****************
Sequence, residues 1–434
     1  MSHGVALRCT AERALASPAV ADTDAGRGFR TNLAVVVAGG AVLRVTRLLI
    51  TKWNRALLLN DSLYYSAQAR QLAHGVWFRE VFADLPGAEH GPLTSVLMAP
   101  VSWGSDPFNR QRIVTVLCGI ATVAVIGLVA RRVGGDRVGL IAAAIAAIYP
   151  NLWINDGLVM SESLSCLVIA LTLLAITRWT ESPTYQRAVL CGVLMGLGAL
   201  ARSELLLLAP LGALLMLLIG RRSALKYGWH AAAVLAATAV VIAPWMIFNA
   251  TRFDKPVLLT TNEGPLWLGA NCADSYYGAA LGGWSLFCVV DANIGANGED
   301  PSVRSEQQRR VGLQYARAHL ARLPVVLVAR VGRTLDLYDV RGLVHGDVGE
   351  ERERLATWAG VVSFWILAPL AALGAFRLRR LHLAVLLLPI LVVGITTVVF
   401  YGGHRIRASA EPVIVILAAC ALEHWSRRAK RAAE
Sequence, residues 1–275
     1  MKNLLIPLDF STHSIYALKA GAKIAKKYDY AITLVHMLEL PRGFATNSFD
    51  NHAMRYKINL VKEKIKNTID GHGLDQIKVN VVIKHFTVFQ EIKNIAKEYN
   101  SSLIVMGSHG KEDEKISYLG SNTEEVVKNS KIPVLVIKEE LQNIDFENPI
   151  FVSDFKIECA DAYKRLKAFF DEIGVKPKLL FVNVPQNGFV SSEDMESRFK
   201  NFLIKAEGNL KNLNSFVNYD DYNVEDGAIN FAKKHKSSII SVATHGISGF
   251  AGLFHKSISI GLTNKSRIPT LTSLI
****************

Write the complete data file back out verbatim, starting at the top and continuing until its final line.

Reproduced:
Sequence, residues 1–434
     1  MSHGVALRCT AERALASPAV ADTDAGRGFR TNLAVVVAGG AVLRVTRLLI
    51  TKWNRALLLN DSLYYSAQAR QLAHGVWFRE VFADLPGAEH GPLTSVLMAP
   101  VSWGSDPFNR QRIVTVLCGI ATVAVIGLVA RRVGGDRVGL IAAAIAAIYP
   151  NLWINDGLVM SESLSCLVIA LTLLAITRWT ESPTYQRAVL CGVLMGLGAL
   201  ARSELLLLAP LGALLMLLIG RRSALKYGWH AAAVLAATAV VIAPWMIFNA
   251  TRFDKPVLLT TNEGPLWLGA NCADSYYGAA LGGWSLFCVV DANIGANGED
   301  PSVRSEQQRR VGLQYARAHL ARLPVVLVAR VGRTLDLYDV RGLVHGDVGE
   351  ERERLATWAG VVSFWILAPL AALGAFRLRR LHLAVLLLPI LVVGITTVVF
   401  YGGHRIRASA EPVIVILAAC ALEHWSRRAK RAAE
Sequence, residues 1–275
     1  MKNLLIPLDF STHSIYALKA GAKIAKKYDY AITLVHMLEL PRGFATNSFD
    51  NHAMRYKINL VKEKIKNTID GHGLDQIKVN VVIKHFTVFQ EIKNIAKEYN
   101  SSLIVMGSHG KEDEKISYLG SNTEEVVKNS KIPVLVIKEE LQNIDFENPI
   151  FVSDFKIECA DAYKRLKAFF DEIGVKPKLL FVNVPQNGFV SSEDMESRFK
   201  NFLIKAEGNL KNLNSFVNYD DYNVEDGAIN FAKKHKSSII SVATHGISGF
   251  AGLFHKSISI GLTNKSRIPT LTSLI